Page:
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    Oxford University Press, USA

    by Colin Flint


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    Born of War: Protecting Children of Sexual Violence Survivors in Conflict Zones
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Saturday
30Aug

Death of the City, Death of Cyberspace II

Death of Cyberspace


As the Internet becomes more pervasive - as it moves off desktops and screen and becomes embedded in things, spaces, and minds - cyberspace will disappear.

So writes Alex Soojung-Kim Pang at his blog, The End of Cyberspace. Quite how I've missed this blog is beyond me, given my occasional ill-informed polemic on exactly this subject at Ubiwar, and Alex's involvement with the Institute for the Future.

Alex maintains that cyberspace is a "metaphor we live by", coined by William Gibson in Neuromancer (1984). The relevant passage is worth quoting in full:

Cyberspace. A consensual hallucination experienced daily by billions of legitimate operators, in every nation, by children being taught mathematical concepts … A graphic representation of data abstracted from the banks of every computer in the human system. Unthinkable complexity. Lines of light ranged in the nonspace of the mind, clusters and constellations of data. Like city lights receding …

The term ‘cyberspace’ has come a long way since then, a term of which Gibson later said:

All I knew about the word “cyberspace” when I coined it, was that it seemed like an effective buzzword. It seemed evocative and essentially meaningless. It was suggestive of something, but had no real semantic meaning, even for me, as I saw it emerge on the page.
'Cyberspace' has become a metaphor, both reflecting our relationship with technology, and driving it. The same may apply to the metaphors we use within cyberspace, such as the use of metaphors drawn from the natural world.

Alex Pang:
... in a rapidly-emerging world of mobile, always-on information devices (and eventually cybernetic implants, prosthetics, and swarm intelligence), the rules that define the relationship between information, places, and daily life are going to be rewritten.

... new possibilities will emerge as new technologies, interfaces, use practices, games, legal theory, regulation, and culture adjust - and eventually dissolve - the boundaries between the virtual and physical worlds.

I forget who wrote that "cyberspace always touches ground somewhere", but Albert Borgmann implied this was true when he suggested that cyberspace is "parasitic" on reality. This connection with the physical world - born as it is of the very infrastructure that sustains it - is likely to increase rather than decrease as the processes that Pang describes intensify and diversify.

For those of a materialist bent this is not only true, but has always been true. The relationship between the real and virtual worlds is indeed not only parasitic but contingent on reality to create and sustain it. Cyberspace is a product - hardware or hallucination - of the human mind and, conversely, the physical and psychological effects of actions in cyberspace are instantiated in the material world, they touch ground somewhere.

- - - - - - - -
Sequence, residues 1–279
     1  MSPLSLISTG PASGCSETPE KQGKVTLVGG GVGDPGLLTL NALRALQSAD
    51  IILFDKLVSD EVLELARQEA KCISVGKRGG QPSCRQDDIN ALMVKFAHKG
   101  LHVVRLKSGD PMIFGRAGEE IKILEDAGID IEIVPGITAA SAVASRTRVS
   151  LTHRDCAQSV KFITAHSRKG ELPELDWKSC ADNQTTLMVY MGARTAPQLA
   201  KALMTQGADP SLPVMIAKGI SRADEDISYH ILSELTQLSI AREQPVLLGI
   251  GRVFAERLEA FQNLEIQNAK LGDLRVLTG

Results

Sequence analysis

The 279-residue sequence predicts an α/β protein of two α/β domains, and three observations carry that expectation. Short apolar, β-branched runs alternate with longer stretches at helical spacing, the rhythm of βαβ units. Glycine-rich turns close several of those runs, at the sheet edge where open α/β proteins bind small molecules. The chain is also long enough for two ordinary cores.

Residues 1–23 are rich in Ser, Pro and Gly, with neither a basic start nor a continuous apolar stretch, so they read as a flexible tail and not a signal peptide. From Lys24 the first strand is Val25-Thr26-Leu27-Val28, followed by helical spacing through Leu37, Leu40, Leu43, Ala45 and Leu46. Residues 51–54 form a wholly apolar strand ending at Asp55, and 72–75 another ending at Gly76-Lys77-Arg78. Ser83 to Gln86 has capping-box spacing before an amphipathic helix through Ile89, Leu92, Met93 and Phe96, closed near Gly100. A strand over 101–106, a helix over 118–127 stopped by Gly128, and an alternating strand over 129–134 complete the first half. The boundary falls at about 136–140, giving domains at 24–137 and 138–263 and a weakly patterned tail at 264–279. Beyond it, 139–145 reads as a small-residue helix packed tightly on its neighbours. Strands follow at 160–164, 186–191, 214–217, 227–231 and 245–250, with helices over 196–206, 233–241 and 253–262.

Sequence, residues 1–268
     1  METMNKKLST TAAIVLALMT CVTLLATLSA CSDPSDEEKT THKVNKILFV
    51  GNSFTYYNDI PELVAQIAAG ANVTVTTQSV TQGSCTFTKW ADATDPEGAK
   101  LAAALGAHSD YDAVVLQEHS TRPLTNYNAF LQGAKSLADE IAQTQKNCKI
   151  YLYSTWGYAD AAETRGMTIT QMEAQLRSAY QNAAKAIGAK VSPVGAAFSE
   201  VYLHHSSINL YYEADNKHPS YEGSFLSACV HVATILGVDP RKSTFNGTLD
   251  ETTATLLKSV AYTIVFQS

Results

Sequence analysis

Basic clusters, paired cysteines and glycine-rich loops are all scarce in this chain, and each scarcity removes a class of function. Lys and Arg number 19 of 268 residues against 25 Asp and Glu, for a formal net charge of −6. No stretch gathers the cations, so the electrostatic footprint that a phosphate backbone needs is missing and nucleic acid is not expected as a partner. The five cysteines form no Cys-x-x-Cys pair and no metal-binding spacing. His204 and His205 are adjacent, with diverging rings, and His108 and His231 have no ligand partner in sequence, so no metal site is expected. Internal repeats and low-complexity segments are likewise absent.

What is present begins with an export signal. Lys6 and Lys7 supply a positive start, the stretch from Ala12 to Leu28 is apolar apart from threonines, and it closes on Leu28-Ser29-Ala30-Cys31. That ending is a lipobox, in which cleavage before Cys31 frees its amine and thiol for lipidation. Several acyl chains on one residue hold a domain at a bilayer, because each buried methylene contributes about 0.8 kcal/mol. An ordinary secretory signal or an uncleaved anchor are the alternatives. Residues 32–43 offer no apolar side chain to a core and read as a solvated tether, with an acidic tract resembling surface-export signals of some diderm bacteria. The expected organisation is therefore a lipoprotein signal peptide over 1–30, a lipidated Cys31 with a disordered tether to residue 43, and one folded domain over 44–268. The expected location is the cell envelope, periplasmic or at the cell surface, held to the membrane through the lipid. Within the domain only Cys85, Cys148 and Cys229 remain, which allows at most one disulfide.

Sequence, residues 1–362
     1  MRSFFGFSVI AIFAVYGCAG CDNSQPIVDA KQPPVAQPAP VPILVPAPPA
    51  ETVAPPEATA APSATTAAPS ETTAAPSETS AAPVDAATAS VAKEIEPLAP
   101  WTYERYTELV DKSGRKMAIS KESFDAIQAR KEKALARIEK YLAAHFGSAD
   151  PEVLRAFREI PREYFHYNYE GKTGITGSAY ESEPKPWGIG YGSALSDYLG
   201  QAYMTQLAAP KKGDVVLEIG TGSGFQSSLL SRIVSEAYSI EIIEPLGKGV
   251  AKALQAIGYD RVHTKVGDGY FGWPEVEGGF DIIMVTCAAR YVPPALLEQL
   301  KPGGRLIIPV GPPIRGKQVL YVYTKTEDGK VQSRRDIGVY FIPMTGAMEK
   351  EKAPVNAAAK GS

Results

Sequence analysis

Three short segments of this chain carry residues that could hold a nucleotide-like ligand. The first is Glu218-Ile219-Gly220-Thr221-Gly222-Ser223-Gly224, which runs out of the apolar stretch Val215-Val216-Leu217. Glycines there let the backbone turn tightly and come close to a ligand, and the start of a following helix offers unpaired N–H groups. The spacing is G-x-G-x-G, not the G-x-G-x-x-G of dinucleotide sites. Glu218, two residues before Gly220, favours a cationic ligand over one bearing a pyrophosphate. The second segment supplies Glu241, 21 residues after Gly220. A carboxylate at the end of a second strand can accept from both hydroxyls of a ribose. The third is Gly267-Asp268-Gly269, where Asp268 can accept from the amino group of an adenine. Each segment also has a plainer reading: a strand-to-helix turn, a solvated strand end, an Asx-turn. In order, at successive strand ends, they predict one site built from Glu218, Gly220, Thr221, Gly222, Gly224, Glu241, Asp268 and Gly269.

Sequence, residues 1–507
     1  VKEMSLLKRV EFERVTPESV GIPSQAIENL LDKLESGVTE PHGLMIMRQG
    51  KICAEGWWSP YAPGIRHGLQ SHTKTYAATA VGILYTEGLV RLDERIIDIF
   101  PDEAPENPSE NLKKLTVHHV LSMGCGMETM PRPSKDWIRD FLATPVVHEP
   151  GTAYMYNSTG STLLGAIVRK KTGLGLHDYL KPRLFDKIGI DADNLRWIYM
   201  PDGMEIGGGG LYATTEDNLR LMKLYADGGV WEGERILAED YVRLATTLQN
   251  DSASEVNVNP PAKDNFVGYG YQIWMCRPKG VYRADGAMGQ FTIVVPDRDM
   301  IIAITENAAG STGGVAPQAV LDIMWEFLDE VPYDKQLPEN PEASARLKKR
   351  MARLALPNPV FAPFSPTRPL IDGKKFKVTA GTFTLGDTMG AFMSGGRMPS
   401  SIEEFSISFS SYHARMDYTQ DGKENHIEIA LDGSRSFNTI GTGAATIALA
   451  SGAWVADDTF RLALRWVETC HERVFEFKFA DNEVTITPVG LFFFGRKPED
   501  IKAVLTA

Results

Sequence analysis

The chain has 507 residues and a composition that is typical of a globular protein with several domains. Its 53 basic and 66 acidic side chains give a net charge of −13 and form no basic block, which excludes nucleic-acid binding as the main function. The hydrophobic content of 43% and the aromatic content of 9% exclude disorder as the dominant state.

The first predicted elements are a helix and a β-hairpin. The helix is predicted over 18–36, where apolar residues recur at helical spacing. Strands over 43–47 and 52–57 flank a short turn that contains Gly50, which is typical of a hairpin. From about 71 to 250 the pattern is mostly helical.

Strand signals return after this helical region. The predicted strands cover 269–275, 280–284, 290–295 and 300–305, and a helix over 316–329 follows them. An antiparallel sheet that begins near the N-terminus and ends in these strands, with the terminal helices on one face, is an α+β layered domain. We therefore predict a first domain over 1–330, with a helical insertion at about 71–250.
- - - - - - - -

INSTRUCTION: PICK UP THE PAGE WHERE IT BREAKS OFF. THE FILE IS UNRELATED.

This wrestling with the virtual and the real has, in my opinion, reached a critical point, exactly as Alex Pang says. The convergence of technologies reflects the convergence of the virtual and the real, while at the same time creating new spectra of emergent behaviour. Again, like Kazys Varnelis' urban infrastructure, some of this is born of the hardware itself, and the protocols deployed to use it efficiently.

There are suggestions that the internet itself is creating new forms of computing, such as 'pulse frequency coding', in which the network makes decisions based on statistical accounting for what connects where, and how frequently connections are made between given points (George Dyson). This would be emergent behaviour of the highest order, completely unpredicted by those who first devised the internet. Perhaps, as Primo Levi wrote in a prescient 1960s short story about a sentient telecommunication network, "It seemed that now the Network intended to control not only some but all communication."

Hardware apart, if the "killer application of the internet is people", then we are seeing this in spades. Social networking is the rage that fuels the so-called "Web 2.0". 'Web 3.0' will apparently be the 'semantic web', an intelligent network that flips the reflexivity of the net on its back once again, as this time the net will help us find what we want - intuitive, seamless interoperability and connectivity. Pre-emptive typologising aside, there is truth in this, but what behaviour will emerge both in man and the machine?

We cannot know. Pang's hypothesis is probably correct in its substance, but I wonder about the terminology. I don't think that cyberspace theorists actually do hang on Gibson's off-the-cuff coining nearly a quarter of a century ago. Gibsonian cyberspace is perhaps already dead but the concept he described has evolved beyond its original meaning, like 'media' or 'transport' or 'mail'. Does the term itself have emergent linguistic properties?

Sam Liles recently suggested that "cyberspace is the terrain of technology mediated communication". This navigable landscape definition has a simplicity and utility that, whilst maybe not of intense analytical value, certainly has a resonance for social scientists interested in negotiating the complexities of an evolving experience.

I suspect that cyberspace may, as is implicit in Pang's words, become the 'reality' that we will experience in the near future. Whether we will find a new term to describe certain forms of existence is unknowable. Man will find names for the tools and experiences of his world, howsoever they are constructed.

The death of cyberspace? More likely: the death of reality.


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